Crossing A Line: When Hacking Threatens Lives
Overshadowed by the release of another report into hacking allegations, the FDA released their long-awaited report, “Postmarket Management of Cybersecurity in Medical Devices”, on Dec 28, 2016.
The report was initially released for industry comment in draft form in January 2016. The complete report explains the need for proactive security developments throughout a product’s lifecycle, procedure for vulnerability notification and the value of continuous threat modelling, as well as confirmation that the issuance of security patches does not necessitate further recertification.
For those who may be thinking that this all sounds far-fetched, former US Vice-President Dick Cheney’s doctors famously disabled the wireless functions of his pacemaker in 2007 – a whole decade ago – “to thwart potential assassination attempts”, whilst the late Barnaby Jack, an eminent security researcher, demonstrated in 2012 a hacked drug pump which could be programmed to deliver vastly incorrect dosages, and was found dead just days before he could demonstrate a successfully hacked pacemaker live onstage in Las Vegas.
The medical device market has long been plagued by allegations of poor security, and the FDA’s hand in this does require a mention. The agency has only just this year confirmed that “in most cases, updates made to strengthen cybersecurity do not require recertification”. The certification process is lengthy and expensive and manufacturers have understandably been reluctant to issue security patches if it means reapplying for certification.
This bodes well for device vendors issuing new products, but what about the hundreds of thousands, or millions, who have had connected pacemakers, insulin pumps or other devices implanted already with no support for firmware updates? Jon Miller, from Cylance, points out that another form of attack could be looking to reduce the battery life of these devices: “even light encryption on a pacemaker could decrease its battery life from about a decade to as little as a few years or even a few months because the device is not designed to sustain those operations. The more resource intensive the encryption, the more dire the situation” .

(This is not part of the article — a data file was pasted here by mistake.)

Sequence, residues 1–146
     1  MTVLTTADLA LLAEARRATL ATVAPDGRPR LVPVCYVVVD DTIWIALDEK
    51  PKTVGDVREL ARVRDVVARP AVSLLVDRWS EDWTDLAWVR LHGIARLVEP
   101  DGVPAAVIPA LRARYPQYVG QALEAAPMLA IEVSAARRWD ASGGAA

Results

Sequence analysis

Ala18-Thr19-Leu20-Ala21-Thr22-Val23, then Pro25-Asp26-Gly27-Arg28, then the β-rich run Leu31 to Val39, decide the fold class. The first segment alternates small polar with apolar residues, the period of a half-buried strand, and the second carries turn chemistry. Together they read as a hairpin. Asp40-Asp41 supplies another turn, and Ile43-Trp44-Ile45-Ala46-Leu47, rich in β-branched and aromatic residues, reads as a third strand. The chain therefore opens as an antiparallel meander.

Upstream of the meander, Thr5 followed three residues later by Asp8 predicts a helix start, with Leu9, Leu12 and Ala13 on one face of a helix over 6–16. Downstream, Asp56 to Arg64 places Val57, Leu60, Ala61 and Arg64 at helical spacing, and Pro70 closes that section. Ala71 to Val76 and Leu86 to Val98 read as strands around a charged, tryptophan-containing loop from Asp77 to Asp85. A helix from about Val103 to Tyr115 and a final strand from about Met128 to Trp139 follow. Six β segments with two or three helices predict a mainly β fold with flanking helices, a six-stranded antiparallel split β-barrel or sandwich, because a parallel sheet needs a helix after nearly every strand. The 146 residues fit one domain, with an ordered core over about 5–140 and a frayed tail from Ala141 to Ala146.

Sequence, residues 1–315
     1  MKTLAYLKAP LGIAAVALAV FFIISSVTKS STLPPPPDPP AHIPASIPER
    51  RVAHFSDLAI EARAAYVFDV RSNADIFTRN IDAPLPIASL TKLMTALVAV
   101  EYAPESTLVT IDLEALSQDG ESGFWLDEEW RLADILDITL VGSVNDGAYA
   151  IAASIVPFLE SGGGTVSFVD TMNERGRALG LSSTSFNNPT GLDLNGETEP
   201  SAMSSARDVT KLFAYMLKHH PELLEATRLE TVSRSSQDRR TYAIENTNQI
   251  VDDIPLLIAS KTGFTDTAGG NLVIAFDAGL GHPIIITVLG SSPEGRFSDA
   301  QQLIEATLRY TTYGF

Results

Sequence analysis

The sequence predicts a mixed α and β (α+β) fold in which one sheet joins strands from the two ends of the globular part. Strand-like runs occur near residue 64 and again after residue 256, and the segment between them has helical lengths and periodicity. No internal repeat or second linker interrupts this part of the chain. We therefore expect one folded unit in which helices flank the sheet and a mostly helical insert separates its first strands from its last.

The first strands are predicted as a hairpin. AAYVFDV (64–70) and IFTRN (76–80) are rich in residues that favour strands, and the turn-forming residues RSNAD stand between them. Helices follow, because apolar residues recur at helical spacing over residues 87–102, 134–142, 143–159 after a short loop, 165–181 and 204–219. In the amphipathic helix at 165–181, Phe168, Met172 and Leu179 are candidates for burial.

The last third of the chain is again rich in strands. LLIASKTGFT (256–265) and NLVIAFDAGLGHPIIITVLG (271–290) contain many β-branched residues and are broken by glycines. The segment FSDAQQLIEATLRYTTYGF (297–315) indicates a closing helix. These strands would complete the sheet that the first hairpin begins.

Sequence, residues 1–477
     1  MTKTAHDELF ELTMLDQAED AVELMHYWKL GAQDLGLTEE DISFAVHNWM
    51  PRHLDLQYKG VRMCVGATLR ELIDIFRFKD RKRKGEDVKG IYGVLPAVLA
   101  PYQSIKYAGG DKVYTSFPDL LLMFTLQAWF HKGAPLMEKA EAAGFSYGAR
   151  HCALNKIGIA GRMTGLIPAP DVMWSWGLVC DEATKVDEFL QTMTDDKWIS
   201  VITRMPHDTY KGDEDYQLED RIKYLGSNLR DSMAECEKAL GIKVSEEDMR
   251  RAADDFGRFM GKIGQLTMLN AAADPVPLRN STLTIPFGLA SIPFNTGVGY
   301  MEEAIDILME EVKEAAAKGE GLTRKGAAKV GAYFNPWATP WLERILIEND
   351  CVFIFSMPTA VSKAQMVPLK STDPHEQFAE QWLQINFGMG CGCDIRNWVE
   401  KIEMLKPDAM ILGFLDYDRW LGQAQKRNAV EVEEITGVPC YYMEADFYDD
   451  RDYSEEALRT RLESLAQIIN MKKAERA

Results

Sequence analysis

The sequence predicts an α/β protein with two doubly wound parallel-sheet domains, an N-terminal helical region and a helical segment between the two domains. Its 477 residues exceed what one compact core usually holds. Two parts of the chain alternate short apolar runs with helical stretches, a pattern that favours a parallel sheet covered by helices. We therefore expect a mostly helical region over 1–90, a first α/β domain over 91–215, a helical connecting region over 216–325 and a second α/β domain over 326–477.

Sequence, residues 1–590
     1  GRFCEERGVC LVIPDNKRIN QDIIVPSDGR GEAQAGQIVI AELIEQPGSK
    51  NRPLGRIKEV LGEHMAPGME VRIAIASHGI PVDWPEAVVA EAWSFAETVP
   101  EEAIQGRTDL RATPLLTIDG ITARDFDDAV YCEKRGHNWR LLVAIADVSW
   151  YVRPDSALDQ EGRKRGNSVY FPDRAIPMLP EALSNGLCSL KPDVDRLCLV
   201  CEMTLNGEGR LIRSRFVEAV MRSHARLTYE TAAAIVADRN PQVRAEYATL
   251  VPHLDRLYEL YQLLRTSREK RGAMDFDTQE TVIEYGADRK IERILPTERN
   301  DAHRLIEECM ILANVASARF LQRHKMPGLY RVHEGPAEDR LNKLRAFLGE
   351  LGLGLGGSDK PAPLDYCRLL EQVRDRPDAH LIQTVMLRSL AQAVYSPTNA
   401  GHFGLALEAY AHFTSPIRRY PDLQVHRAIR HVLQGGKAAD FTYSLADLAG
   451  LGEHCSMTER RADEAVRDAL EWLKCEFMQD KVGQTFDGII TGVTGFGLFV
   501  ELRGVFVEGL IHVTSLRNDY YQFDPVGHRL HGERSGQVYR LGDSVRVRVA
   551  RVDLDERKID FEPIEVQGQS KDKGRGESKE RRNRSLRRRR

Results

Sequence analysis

In their report, the FDA outline some scenarios of what they consider to be acceptable levels of risk, including one example of open ports on a device that could theoretically permit installation of unauthorised firmware. Thankfully so far no such hack has been successful, probably in large part because of the need to be in close physical proximity to the device in question.
As the Internet swarms with reports of huge IoT botnets capable of 600Gbps+ DDos attacks, what is next for IoT medical device security?